Communicating with Pidgin from PHP via D-Bus

on December 18, 2011. in Development, Programming. A 4 minute read.

Earlier this week I got an idea of trying to communicate with Pidgin, a chat client, via the terminal. Sounded like a fun thing to hack on, plus, could be made useful (in my head, at least), for things like logging from a web application directly to IM, or, heck, even creating something like Github’s Hubot, commanding a server or an application just via chat. Surely I wasn’t the first one to come up with this idea and after a bit of a googling found out that Pidgin’s libpurple has a nice API for that, exposed via D-Bus.

I first planned to write some scripts for this in Python or C, but when I finally sat down over the weekend to hack on this, realized there is a PHP D-Bus extension, thanks to Derick Rethans! As I rarely have the opportunity/need to play with more “obscure” PHP extensions, decided to give this one a spin… (Note: apart from that D-Bus is used for processes communicating with each other, I have zero knowledge about it, so I might be wrong with some things down below.)

Installing D-Bus for PHP

As the extension requires the dbus-devel package, first make sure it is installed:

$ yum install dbus-devel

The installation of the extension itself is pretty easy:

$ pecl install dbus-beta

Add the line to your php.ini, restart Apache if needed and have a look at the phpinfo();, there should be an entry for D-Bus listed.

Note that there is no documentation for this extension at the moment, but, luckily, the sources include an examples directory full of goodies! After fiddling around with those for an hour or so, got the basics of the extension figured out.

One thing I haven’t figured out completely, is how to run scripts which use the Dbus extension via the browser, as in those cases the scripts are dying with a terrible X11 error message. So, run Dbus scripts from the console and all should be fine.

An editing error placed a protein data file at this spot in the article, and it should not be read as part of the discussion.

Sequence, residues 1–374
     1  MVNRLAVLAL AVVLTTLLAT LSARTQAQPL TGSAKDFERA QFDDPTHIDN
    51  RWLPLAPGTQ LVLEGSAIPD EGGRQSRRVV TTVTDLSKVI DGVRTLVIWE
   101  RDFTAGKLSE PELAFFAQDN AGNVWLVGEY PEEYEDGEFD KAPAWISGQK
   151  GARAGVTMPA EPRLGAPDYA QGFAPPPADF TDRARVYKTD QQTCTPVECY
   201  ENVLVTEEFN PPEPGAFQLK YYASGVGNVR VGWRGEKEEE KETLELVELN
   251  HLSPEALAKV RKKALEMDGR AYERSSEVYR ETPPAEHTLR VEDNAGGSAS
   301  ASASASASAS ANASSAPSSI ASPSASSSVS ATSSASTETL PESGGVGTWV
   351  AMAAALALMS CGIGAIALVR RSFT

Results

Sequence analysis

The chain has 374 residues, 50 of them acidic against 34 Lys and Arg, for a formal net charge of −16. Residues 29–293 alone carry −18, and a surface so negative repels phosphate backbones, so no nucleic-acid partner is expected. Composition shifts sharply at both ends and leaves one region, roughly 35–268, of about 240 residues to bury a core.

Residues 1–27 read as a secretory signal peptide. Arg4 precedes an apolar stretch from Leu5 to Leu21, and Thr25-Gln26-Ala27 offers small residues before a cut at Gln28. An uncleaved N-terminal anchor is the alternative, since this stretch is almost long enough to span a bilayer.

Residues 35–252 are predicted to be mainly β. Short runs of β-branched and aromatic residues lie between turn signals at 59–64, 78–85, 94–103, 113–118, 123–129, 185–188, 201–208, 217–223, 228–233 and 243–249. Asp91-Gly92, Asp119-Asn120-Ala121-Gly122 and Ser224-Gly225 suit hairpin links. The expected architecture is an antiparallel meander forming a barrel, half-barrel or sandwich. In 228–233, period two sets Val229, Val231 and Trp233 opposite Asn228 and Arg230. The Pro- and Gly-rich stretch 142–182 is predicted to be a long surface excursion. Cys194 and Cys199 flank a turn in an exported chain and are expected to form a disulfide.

The a-ha! moment

What I learned by looking at the examples, is that the Dbus class is used for creating a proxy, which can be used to call methods on the service/application we’re interested in. But, what methods are available, what arguments do those methods accept (if any), and what will they return as a result?

This can easily be found out by introspection. Create a proxy to an object which implements the Introspectable interface and call the Introspect method on that proxy:


$dbus = new Dbus;

$proxy = $dbus->createProxy("im.pidgin.purple.PurpleService",

$data = $proxy->Introspect();

file_put_contents('introspect.xml', $data);

As the result of the introspection is returned in an XML and can be quite big, putting it in a file for easier viewing.

By looking at the XML file, it’s pretty easy to figure out what’s going on; method names, method arguments, their names and types, and the returned result:

<method name="PurpleAccountGetUsername">
  <arg name="account" type="i" direction="in"></arg>
  <arg name="RESULT" type="s" direction="out"></arg>

With all this information at our disposal, it’s easy to write a script which does something useful, like, listing all the connected accounts and the protocols they are using:


$dbus = new Dbus;

$proxy = $dbus->createProxy("im.pidgin.purple.PurpleService",

$accounts = $proxy->PurpleAccountsGetAllActive();

foreach ($accounts->getData() as $account) {
    if ($proxy->PurpleAccountIsConnected($account)) {
        $username = $proxy->PurpleAccountGetUsername($account);
        $protocolId = $proxy->PurpleAccountGetProtocolId($account);
        $protocolName = $proxy->PurpleAccountGetProtocolName($account);
        echo $username . " is connected on the " . $protocolName
                       . " (" . $protocolId . ") protocol.\n";

A sample output would be something like: “ is connected on the IRC (prpl-irc) protocol.”

Next steps

Of course, this is far from a chat bot which can execute commands on a remote server, but at least we have some foundation to build on. In the coming days I’ll try to figure out how to create a loop which can be used to listen to different purple events - when a contact comes online, a chat is sent, or received, etc.

Also, it is quite fun trying to figure out a PHP extension just by looking at examples and the C source itself. One can learn a lot this way.

Happy hackin’!

P.S.: Code samples are up on Github!

Update 2011-12-26: the 2nd post, listening to dbus signals with php, is published!

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